Anyone who has hunted turkeys knows it's an achievement just to see a gobbler in the wild, let alone get close enough to shoot at one. So when George Rippey said he could talk one within a 40-yard shooting range some April morning before work, he had himself a deal.

Not only did Rippey promise delivery of one gobbler on order, he said he could produce it in Montgomery County, within 20 miles of Washington. "I can show you turkeys on state hunting land up there," he said. "I'm working by the river and I hear them gobbling every day."

Rippey, president of the Maryland chapter of the National Wild Turkey Federation, was sticking his neck out a country mile, and by 6:30 Thursday morning it looked as if he was going to have it chopped off. Not a gobble had been heard after an hour of searching his favorite woods near Poolesville on a calm morning ideal for gobbling.

"I don't get frustrated," said Rippey, "because I know that somewhere a turkey is gobbling right now. Let's move."

This was turkey hunting strictly for fun. The only shooting we could do was with a camera, since spring gobbler season doesn't open in Maryland until April 22 (April 13 in Virginia). But his protestations notwithstanding, Rippey was clearly having no fun as he owl-hooted into the empty woods and heard nary a cackle in reply.

"Patience," he said.

Rippey stopped the car on a gravel road not far from McKee-Beshers Wildlife Refuge and hooted his owl hoot, which he performs extremely effectively with his natural voice. At last, there came a reply -- a faint gobble in the distance.

"Now let's turkey hunt," said Rippey. And off he took through the woods, leaving his girlfriend's Oldsmobile half-blocking the road with the keys in and one door ajar.

Rippey believes in wasting no time to get near a turkey once he hears it. "That gobble means he's vulnerable," he said. "We know where he is and what he wants."

What spring gobblers want is spring hens, this being mating season. To that end, Rippey and I wore camouflage, head to toe, and he was carrying a half-dozen assorted gadgets to make lovesick hen sounds. When we got close, we would hide and yelp and hope a gobbler came prancing in looking for love.

Rippey stopped in the woods and called, but got no answer. After 200 yards more, there still was no answer. He sat, waited, and owl-hooted. No answer. He moved and called again, and this time the gobbler gobbled loud and clear, 100 yards off to the right.

Crouching, we moved 40 yards closer and scrunched down next to a tree. Rippey was silent for about five minutes, then scratched a plaintive love yelp on a mechanical caller. He did it again, then scratched the leaves around him to imitate a turkey hunting for acorns.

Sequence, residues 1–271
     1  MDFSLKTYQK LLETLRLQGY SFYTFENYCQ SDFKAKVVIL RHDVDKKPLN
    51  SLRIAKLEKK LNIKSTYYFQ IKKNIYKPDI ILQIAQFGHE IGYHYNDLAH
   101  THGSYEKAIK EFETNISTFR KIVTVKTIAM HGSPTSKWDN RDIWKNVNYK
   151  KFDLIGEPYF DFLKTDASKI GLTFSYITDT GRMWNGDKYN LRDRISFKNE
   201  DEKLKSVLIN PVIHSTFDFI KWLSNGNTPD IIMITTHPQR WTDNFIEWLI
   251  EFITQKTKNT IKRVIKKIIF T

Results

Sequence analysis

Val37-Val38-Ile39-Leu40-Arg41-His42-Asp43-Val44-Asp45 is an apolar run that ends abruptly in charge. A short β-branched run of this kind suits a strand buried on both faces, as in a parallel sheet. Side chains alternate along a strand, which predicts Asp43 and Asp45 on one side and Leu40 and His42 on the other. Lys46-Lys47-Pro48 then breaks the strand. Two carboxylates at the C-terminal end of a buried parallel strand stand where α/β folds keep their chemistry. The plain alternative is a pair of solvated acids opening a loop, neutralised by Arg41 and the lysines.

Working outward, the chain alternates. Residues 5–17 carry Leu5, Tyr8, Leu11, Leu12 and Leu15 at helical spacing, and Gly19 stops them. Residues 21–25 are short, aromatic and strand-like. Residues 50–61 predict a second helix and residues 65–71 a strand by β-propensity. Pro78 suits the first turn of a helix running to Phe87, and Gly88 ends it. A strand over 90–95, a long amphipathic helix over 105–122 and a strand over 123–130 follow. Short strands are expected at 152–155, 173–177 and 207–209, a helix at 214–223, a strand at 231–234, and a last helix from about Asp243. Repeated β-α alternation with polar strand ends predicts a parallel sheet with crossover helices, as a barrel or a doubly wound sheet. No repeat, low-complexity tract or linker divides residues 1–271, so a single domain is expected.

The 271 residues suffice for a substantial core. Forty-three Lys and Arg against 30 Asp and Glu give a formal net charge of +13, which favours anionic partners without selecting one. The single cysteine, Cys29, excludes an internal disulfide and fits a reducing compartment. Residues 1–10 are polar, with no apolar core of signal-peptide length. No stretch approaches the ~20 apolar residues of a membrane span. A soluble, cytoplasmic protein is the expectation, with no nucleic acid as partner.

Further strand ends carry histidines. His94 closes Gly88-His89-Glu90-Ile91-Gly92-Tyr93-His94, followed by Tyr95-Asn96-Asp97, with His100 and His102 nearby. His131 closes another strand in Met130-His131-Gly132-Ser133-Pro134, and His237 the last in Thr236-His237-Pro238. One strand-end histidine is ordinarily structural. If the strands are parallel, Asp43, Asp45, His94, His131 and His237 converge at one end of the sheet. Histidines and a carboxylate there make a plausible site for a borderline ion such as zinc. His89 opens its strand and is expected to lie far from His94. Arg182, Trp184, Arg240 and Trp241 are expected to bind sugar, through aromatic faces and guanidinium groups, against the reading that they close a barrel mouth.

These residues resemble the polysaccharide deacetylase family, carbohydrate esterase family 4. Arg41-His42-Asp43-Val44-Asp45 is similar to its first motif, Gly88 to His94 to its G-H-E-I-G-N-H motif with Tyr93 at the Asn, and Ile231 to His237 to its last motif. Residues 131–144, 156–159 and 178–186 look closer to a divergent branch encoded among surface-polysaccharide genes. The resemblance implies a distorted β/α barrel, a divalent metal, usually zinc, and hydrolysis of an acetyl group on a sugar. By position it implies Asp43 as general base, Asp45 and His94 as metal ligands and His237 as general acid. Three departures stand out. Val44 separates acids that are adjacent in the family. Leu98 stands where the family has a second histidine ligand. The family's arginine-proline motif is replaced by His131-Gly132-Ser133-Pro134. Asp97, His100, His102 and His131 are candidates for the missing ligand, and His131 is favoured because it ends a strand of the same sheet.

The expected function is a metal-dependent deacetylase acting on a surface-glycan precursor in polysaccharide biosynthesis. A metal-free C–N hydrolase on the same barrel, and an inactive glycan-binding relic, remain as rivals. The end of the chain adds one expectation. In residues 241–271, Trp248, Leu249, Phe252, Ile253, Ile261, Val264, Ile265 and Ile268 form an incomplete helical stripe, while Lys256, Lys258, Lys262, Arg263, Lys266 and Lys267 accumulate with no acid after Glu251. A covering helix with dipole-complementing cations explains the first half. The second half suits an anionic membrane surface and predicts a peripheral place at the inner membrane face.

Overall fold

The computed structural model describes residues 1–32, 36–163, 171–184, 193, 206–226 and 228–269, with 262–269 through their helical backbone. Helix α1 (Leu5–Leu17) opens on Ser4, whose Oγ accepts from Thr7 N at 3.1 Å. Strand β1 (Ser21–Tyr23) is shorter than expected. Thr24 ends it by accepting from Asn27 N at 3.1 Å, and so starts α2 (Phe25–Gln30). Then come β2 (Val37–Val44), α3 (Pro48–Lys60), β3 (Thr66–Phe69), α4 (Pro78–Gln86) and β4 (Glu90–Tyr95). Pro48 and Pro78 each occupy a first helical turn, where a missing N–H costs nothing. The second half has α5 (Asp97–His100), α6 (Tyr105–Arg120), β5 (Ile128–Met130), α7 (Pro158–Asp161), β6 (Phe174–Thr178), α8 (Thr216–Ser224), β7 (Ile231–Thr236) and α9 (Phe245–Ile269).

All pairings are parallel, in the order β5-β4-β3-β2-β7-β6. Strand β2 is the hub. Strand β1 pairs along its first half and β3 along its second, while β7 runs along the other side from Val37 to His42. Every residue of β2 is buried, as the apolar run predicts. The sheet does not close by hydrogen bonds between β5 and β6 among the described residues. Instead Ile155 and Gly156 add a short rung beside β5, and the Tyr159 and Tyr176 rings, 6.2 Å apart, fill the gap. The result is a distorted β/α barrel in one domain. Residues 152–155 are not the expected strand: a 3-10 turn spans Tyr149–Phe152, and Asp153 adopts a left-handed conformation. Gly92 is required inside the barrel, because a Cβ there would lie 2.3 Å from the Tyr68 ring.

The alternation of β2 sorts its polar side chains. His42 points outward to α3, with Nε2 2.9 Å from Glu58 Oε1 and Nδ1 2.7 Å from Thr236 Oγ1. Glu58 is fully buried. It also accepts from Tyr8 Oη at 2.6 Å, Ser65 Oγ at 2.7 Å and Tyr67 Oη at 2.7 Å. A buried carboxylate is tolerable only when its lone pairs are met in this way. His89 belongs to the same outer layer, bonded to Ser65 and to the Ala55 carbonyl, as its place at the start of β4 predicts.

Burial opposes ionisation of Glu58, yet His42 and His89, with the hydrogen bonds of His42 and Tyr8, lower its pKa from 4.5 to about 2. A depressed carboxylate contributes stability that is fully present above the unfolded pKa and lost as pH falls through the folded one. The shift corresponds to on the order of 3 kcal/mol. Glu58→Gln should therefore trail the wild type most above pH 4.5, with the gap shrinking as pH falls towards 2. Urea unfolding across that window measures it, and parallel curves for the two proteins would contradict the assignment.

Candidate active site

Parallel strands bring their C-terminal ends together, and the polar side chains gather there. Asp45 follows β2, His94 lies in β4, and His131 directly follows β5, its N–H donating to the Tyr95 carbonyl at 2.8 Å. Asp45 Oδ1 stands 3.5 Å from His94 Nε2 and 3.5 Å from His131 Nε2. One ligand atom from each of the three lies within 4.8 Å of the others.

The morning was still and you could hear geese in a pond nearby, and dogs barking, and cars from the road. Then the woods erupted with a cacophonous "Gobbblegobblegobblegobblegobble."

"Don't move," said Rippey. "That turkey's coming in."

He was right, in the end. But before that turkey marched into view, another gobbler came crashing in from the left. This one didn't announce himself until he was 25 yards away, when he gobbled so loud and unexpectedly that the hair stood up on a neophyte outdoors writer's neck.

"Lord, there's two of 'em," said Rippey. "Get ready for a fight."

On hearing the intruder, our original prey crashed down from his tree roost like a cinder block. Then the new arrival strutted in, tail feathers splayed, chest puffed, his head bright blue and wattles red with passion.

"He's a little one, and he's going to lose," whispered Rippey. No. 2 gobbler strode in just as boldly as No. 1, but a good deal heavier and evidently plenty mad.

The turkeys stalked each other briefly, 25 yards in front of where we sat, then charged each other and had it out, fast and neat. Feathers flew on impact, and the next thing we saw was the smaller jake making tracks, with the big boy in hot pursuit. Meanwhile, Rippey whispered that he was hearing hens clucking from behind.

Then, just as quickly as they had arrived, all the turkeys were gone.

These are the sorts of experiences you expect to enjoy on educational television, not in person in the close-by suburbs of a major metropolis.

But Rippey said wild turkeys are expanding their range throughout the nation. They are on the rebound after becoming nearly extinct during the 1930s, when they were hunted mercilessly for food.

Wild turkeys are taking hold particularly well in Eastern Maryland as a result of an aggressive state program to trap and transplant birds.

Hunting season for turkeys reopened in Montgomery County in 1972, Rippey said, and the annual kill in the county has increased from about 15 to over 40 in recent years. The state also is transplanting flocks into Calvert and Charles counties and on the Eastern Shore, where the big birds are flourishing, Rippey said.

So there are turkeys around. All the same, wasn't the president of the Maryland chapter, National Wild Turkey Federation, a bit worried as 7 a.m. approached and he still hadn't delivered on his bold promise?

"Not really," said Rippey, stripping off his camouflage coveralls and getting ready to go to his carpentry job. "I just kept reminding myself: 'Somewhere a turkey is gobbling right now.' "